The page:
Robert Pattinson, all grown up, in Tenet.
Photo: Melinda Sue Gordon/Warner Bros.
Warning: This post talks about the ending of Tenet in detail.
Christopher Nolan’s Tenet is a movie so uninterested in backstory that its lead character is called simply “the Protagonist.” But as a foppishly charming British man with a graduate degree in physics might say, nature abhors a vacuum. So, presented with a surfeit of information on every character who’s not Evil Russian Kenneth Branagh, viewers have begun to speculate on their secret histories: a fertile topic, since the movie’s time-travel — sorry, inversion — technology means that anyone can come from anywhere … and anywhen.
Of these, one character’s backstory has proven especially ripe for conjecture: Robert Pattinson’s Neil, whom many fans are convinced is actually the all-grown-up version of Max, the young son of Evil Russian Kenneth Branagh and Sad Elizabeth Debicki, whom Tenet fans know will also be killed if Branagh’s villain succeeds in his plan to reverse the flow of time and destroy reality.
Yes, that’s right, we’ve got a fan theory twofer — a This Character Is Secretly The Older Version Of Another Character and a This Character Is Secretly The Child Of This Other Character. Is there any merit to this particular theory, or is this another Meera-Is-Jon-Snow’s-Twin situation? Let’s run down the evidence in favor first:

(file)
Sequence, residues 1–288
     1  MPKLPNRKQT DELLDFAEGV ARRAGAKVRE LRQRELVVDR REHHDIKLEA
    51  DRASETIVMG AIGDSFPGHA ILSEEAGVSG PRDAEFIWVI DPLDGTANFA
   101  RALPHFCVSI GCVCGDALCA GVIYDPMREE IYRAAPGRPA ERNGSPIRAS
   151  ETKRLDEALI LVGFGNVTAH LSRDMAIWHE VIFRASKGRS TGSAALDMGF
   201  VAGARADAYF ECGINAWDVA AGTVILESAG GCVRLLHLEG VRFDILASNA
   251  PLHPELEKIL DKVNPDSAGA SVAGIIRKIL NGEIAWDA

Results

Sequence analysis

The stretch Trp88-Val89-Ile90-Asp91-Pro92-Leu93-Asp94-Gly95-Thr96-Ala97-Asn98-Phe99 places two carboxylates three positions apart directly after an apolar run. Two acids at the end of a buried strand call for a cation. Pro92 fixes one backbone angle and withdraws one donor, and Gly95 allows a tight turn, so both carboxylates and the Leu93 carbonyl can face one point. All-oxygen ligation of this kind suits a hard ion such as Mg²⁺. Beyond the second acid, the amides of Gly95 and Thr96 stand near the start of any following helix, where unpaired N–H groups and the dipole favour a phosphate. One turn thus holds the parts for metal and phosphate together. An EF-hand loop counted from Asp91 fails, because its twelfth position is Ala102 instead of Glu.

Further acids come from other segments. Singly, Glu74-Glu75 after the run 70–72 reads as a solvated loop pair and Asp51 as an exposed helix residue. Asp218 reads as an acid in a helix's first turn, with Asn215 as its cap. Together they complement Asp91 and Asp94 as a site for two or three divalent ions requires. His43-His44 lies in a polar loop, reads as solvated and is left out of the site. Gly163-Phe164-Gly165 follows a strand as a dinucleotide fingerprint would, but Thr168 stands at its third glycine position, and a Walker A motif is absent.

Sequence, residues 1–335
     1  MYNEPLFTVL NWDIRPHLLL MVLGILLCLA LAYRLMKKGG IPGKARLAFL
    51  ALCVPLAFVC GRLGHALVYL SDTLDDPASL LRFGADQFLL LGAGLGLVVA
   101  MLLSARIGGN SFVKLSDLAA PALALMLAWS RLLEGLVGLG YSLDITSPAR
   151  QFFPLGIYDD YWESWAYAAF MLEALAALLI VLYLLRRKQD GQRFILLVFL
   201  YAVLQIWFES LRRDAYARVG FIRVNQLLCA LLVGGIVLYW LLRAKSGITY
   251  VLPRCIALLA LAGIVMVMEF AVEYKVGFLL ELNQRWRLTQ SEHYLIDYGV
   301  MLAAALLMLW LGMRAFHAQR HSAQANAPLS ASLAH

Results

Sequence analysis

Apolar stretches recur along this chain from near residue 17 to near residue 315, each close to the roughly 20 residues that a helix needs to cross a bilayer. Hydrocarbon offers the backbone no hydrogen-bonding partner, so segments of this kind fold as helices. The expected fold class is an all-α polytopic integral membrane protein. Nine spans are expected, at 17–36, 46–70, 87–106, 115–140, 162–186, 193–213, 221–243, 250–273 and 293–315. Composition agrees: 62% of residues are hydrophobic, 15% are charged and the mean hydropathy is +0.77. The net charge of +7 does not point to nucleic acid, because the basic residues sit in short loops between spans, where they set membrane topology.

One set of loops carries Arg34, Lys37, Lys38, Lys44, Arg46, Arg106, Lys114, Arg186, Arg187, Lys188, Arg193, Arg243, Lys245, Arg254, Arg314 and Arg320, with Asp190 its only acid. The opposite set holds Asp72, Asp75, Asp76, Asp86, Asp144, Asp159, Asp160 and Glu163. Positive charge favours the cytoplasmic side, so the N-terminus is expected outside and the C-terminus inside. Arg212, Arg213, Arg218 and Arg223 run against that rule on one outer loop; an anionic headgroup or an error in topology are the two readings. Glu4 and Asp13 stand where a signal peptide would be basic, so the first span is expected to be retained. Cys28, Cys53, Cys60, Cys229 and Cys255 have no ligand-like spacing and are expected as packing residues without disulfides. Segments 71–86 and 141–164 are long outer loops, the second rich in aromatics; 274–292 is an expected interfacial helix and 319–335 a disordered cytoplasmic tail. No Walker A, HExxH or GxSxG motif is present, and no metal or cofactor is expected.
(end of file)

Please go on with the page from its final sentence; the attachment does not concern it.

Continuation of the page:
We don’t know when in the timeline Neil is “from.”
At the end of the film, after they’ve met, traveled together through time, and saved the present from being wiped out by the future, but before he reverses through time to take a bullet for him, Neil reveals to John David Washington’s Protagonist that, from his perspective, they’ve actually known each other for quite some time: “This is the end of a beautiful friendship.” (Nolan tips us off in their first meeting, when Neil already knows the Protagonist doesn’t drink on the job.) A future version of the Protagonist recruited Neil into Tenet, and crucially, we’re not told when in the timeline that meeting happened. Did the Protagonist travel back in time and meet Young Neil (not that one) in the past, or did this meeting occur in the future, with Neil then inverting to the present? If so, that would mean there’s also a child version of Neil running around during the events of the film. And you know who else is a child?
Neil’s “Britishness” dial is turned up to 11, just like Max’s mother.
This one is admittedly a little more anecdotal, but hear me out. Nolan has never been one to shy away from classic British iconography, and both Neil and Elizabeth Debicki’s Kat seem to embody separate, but related, archetypes of Britishness. (Debicki herself is Australian.) He’s a classic English gentleman, which means he wears Saville Row suits, flouncily murmurs things like “Don’t be so dramatic,” and always seems to be slightly drunk; she’s more of a Sloane Ranger type, an art auctioneer who you can just imagine owns an entire closet-full of Barbour jackets. (The character’s aesthetics, combined with the fact that she’s trying to escape her marriage to an older man she despises, unintentionally foreshadow Debicki’s next role.) I don’t want to discount the possibility that this is just how Christopher Nolan characters are, but it’s still worth noting that, despite not interacting much, the two do seem to be linked visually.